For the multitudes who never saw this coming, there’s no need to fret. Even Martin Kaymer is a little taken aback by how well this has gone for him.
“I said to my caddie, there were a couple of shots today that I was surprised how good they were,” Kaymer said. “Because I was not expecting to hit it that close, because it was a tough pin and all of a sudden you end up with a very good birdie chance and you would have taken four from the fairway.”
He might not be as surprised as Brendon Todd, the former Green Hope star from Cary. Todd is playing out of his mind a mere hour from where he grew up. But he knows he’s not dreaming, because only in a nightmare would he still be six strokes back in second place despite going into the weekend 4-under par in the U.S. Open.
“I even watched a little bit of coverage this morning,” Todd said. “(Kaymer) hit a shot on 17, the par 3, and it landed 10 feet left of the hole and he was like, shocked. He was like mad. I mean, those were my good shots this week.”
Halfway through, it’s Kaymer’s tournament to lose. Which isn’t to say he’ll win: The German still has 36 insanely tricky holes to play. As Phil Mickelson said after his round, “You never know what will happen in a U.S. Open. We’ve always had crazy things happen. So you just never know.”
But after firing twin 65s to make major-championship history, there is ample retrospective evidence that Kaymer might thrive here, even if no one could or would predict the degree to which he has dominated so far.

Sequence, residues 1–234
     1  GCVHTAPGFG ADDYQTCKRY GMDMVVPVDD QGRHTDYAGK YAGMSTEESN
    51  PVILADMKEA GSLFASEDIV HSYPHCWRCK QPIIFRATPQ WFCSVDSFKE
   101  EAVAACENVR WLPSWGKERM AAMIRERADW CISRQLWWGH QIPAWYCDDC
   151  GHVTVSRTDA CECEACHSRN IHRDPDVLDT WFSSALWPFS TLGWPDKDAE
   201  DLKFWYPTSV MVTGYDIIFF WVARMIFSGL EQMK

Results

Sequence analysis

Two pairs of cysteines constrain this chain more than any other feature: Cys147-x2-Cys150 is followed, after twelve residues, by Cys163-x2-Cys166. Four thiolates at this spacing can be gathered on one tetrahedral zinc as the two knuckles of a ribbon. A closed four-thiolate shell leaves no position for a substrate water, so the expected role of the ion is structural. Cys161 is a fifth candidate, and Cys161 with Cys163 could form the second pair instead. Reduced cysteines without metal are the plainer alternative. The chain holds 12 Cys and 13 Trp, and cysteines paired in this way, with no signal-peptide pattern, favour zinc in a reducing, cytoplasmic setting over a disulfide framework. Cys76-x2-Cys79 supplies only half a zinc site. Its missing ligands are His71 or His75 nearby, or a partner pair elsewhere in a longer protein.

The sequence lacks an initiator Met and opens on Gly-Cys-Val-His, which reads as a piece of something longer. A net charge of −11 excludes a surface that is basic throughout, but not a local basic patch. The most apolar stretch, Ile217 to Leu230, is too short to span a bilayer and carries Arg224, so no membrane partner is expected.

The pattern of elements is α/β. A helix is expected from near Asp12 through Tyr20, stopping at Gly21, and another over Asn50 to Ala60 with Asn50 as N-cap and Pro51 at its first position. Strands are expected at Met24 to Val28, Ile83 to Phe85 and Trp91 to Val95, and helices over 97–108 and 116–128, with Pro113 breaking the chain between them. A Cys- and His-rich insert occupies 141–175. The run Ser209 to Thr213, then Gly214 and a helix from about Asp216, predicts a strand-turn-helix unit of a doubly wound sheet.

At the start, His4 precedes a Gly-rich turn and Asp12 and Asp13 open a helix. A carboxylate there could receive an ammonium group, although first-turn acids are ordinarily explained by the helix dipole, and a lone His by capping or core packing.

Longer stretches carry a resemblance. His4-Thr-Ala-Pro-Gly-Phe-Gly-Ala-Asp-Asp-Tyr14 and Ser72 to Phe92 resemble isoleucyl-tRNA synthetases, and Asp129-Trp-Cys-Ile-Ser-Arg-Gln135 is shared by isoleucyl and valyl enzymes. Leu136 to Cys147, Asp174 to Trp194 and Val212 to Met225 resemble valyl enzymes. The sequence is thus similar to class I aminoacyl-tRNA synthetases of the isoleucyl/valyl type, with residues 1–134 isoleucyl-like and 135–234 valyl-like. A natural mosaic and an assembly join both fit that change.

Kaymer is coming off a resounding win at The Players a month ago on a course as fiendish as any major venue. He’s a former world No. 1 who won the PGA Championship at Whistling Straits in 2010, a course similar in appearance to Pinehurst with its waste bunkers and natural areas. He shined under pressure at the Ryder Cup in 2012, making the putt that retained the trophy for Europe.
Kaymer might just be one of those guys who doesn’t have the high-octane game to shred the TPC of Wherever Falls and Brown Shoe Country Club and the week-in-week-out birdie-happy courses on the PGA Tour, but has the unflappable mentality to excel when par is elevated to a laudable score.
On the second hole Friday, his 11th, he stood waiting in the fairway for Keegan Bradley and Jason Dufner to hack their way out of the wiregrass. On the third, he drove the green at the short par 4 and two-putted for birdie while they both missed wide left. No mistakes, no mercy.
Both his game and his personality recall the similarly steady and stoic Retief Goosen, who won two U.S. Opens, including the battle of attrition at Shinnecock in 2004. In black hat, shirt, pants and shoes Friday, Kaymer looked like a valet-parking attendant. He betrayed all the emotion of one, on and off the course.
“It gets boring the words that I use, but I mean there’s not much to say,” Kaymer said. “It’s just good right now the way I play golf.”
With all the red numbers on the leader board, the USGA will surely unleash the back tees and precarious pins it has been saving for the weekend. That might just play into Kaymer’s robotic hands. Making the golf course harder might just make it harder for anyone else to make enough birdies to catch him.
DeCock: firstname.lastname@example.org, @LukeDeCock, 919-829-8947
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